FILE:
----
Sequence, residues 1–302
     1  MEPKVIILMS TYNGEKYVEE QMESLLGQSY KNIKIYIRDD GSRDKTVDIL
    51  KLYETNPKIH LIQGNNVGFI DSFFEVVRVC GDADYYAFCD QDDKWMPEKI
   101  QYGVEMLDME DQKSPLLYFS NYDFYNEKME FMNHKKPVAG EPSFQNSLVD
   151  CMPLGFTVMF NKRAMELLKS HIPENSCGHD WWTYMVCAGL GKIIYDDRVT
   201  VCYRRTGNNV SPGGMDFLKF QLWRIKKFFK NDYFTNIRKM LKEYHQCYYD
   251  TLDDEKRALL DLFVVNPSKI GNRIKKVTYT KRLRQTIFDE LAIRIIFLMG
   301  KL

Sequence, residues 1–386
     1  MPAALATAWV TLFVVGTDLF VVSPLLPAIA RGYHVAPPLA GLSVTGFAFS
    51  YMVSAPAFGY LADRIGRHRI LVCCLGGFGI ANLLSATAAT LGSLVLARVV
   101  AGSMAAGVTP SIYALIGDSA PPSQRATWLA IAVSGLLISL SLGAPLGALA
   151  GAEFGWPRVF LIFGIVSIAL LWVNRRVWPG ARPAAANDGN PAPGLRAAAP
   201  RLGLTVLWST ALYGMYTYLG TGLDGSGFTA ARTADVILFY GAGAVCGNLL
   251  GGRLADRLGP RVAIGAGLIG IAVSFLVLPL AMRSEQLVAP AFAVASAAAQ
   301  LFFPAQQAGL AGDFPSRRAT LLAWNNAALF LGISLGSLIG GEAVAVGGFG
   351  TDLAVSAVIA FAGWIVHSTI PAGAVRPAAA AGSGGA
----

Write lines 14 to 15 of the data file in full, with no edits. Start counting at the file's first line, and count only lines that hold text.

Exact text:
   201  RLGLTVLWST ALYGMYTYLG TGLDGSGFTA ARTADVILFY GAGAVCGNLL
   251  GGRLADRLGP RVAIGAGLIG IAVSFLVLPL AMRSEQLVAP AFAVASAAAQ